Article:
Regret is like an emotional phantom. It looms forgotten and unseen, passing through any obstacle to get to you. We all harbor these phantoms, which are hard enough to conceptualize, much less see. But take a look at this fish’s face—the summation of all regret.
Photographer Tim Samuel captured this capture while freediving in Byron Bay, Australia. This fish had veered too close to a jelly, and found itself in its belly, likely partially paralyzed by the stinging cells that line many jelly’s tentacles.
T R A P P E D – Woke up this morning to my phone going crazy due to one my photos being reposted by @discoverocean. Here’s another photo from that day. I found this fish trapped inside a Jellyfish while freediving in Byron Bay. He was trapped in there but controlled where the Jellyfish was moving. Prints are available through my website – link in bio
But the fish wasn’t dead (yet). According to Samuel, the fish could still “steer” the jelly even though it was about to undergo the process of digestion. Much like our own deluded attempts to course-correct while in the tentacles of life’s many miseries, this fish still thought that it can salvage what little autonomy it had left towards a better life.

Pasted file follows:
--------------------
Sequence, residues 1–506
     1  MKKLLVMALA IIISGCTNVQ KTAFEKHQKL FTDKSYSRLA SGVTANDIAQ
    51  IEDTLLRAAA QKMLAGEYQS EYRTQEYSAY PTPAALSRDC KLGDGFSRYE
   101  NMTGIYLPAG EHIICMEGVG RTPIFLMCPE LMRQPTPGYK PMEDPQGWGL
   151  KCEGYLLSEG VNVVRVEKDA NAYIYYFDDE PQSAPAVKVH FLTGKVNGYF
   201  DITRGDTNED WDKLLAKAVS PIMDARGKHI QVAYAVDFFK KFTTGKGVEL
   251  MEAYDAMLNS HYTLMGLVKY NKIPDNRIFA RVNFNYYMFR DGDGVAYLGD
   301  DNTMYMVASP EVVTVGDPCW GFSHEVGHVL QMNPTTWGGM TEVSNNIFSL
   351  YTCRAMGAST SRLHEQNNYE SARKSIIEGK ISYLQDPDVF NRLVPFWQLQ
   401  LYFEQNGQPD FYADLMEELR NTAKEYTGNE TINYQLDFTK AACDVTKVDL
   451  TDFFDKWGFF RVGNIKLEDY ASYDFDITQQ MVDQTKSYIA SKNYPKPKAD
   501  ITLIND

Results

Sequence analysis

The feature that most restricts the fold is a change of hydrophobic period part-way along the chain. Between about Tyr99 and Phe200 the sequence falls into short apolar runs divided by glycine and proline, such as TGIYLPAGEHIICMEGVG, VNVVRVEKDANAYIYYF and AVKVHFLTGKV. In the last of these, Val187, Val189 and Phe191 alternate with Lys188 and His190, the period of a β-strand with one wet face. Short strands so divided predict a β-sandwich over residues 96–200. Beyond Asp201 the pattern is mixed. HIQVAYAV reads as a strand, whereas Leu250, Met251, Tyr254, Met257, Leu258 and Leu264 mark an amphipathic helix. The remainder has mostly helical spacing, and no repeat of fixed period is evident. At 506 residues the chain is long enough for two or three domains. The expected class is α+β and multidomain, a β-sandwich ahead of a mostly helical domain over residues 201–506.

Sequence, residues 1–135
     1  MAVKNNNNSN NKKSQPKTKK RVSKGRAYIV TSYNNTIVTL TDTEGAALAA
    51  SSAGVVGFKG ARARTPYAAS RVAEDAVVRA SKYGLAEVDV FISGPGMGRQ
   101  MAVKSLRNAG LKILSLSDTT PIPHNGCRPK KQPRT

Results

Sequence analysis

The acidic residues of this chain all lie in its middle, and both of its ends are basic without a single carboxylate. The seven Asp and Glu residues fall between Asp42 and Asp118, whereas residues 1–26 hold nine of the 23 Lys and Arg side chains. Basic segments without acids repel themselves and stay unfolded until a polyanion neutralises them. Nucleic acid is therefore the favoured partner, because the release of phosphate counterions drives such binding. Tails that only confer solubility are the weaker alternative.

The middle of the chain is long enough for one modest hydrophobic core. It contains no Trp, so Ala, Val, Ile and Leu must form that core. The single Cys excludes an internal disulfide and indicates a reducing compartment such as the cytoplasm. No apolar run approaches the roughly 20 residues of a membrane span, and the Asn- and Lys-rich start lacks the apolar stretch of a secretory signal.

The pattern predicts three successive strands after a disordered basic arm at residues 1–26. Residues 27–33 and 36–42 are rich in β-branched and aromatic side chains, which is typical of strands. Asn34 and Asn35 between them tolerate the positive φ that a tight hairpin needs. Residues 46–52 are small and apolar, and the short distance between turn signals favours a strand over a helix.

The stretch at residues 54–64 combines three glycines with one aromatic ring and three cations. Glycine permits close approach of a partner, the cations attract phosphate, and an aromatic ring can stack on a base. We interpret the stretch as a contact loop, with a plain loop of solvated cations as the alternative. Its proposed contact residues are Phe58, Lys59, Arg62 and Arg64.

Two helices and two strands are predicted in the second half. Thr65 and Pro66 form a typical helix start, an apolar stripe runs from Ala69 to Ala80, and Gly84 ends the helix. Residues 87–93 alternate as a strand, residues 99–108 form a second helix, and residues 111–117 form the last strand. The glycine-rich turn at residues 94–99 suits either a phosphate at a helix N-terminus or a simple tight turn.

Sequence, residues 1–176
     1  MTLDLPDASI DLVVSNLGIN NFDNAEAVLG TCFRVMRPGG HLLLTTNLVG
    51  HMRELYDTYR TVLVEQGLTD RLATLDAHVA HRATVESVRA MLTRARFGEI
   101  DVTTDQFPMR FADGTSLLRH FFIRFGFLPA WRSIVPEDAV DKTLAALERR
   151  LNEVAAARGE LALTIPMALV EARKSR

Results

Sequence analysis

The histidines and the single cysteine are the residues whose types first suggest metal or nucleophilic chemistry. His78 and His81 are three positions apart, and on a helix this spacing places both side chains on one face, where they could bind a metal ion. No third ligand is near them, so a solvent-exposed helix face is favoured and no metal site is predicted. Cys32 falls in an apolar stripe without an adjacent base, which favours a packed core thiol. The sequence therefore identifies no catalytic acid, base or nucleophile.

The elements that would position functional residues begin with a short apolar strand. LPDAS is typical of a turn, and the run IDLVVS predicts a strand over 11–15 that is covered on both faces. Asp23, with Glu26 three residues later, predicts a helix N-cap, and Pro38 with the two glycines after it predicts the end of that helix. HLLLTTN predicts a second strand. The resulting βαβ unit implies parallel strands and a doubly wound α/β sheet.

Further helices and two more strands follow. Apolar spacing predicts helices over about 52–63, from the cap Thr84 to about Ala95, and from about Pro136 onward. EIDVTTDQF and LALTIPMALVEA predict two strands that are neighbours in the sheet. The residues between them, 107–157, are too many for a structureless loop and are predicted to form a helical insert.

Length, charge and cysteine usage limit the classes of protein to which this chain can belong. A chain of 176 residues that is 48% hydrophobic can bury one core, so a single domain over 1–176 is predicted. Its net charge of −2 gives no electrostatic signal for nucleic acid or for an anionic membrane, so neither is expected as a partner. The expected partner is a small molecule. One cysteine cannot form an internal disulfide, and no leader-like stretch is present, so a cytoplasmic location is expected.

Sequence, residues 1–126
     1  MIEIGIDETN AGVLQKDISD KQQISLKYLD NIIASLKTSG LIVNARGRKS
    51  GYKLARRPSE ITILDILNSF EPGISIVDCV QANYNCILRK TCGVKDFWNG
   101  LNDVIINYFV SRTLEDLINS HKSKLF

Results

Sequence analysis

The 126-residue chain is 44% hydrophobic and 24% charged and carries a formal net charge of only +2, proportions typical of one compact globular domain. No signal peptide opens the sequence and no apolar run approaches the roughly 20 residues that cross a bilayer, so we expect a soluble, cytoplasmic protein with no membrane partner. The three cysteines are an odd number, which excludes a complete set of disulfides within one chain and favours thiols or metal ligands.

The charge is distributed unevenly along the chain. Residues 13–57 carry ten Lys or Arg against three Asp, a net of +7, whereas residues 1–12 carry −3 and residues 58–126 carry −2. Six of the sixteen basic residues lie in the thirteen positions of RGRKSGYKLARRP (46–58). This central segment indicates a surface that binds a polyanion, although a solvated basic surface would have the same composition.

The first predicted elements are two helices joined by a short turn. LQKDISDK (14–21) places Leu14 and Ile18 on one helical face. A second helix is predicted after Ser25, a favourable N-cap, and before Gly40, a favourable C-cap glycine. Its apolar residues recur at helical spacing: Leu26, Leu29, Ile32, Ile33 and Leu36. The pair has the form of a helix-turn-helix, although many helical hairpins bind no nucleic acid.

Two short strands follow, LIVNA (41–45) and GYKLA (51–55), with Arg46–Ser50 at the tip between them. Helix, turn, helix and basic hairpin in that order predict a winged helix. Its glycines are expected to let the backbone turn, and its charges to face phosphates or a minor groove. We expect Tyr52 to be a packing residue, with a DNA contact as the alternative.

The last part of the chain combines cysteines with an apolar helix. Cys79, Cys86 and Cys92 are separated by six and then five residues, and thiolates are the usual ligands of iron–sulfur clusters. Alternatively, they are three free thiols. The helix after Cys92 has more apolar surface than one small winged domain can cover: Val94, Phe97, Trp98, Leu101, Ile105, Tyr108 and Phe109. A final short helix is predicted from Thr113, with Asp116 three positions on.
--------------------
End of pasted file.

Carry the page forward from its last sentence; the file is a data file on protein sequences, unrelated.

Of course, the “expression” on the fish is an artifact. It’s not really disappointed or horrified or ashamed, just moving its mouth in a way that our emotion-attuned brains infer as emotion. However, if fish could think like we do, “Dear Poseidon I’ve made a terrible mistake,” would probably be pretty close what it would be contemplating. It’s something we can all relate to.
Or it’s just a fish in a jelly belly. Our own Sarah Keartes suggests that the fish — part of a species that is known to use jellies for cover — may be in fact hiding in a recently deceased jelly.
Images: Used with permission from Tim Samuel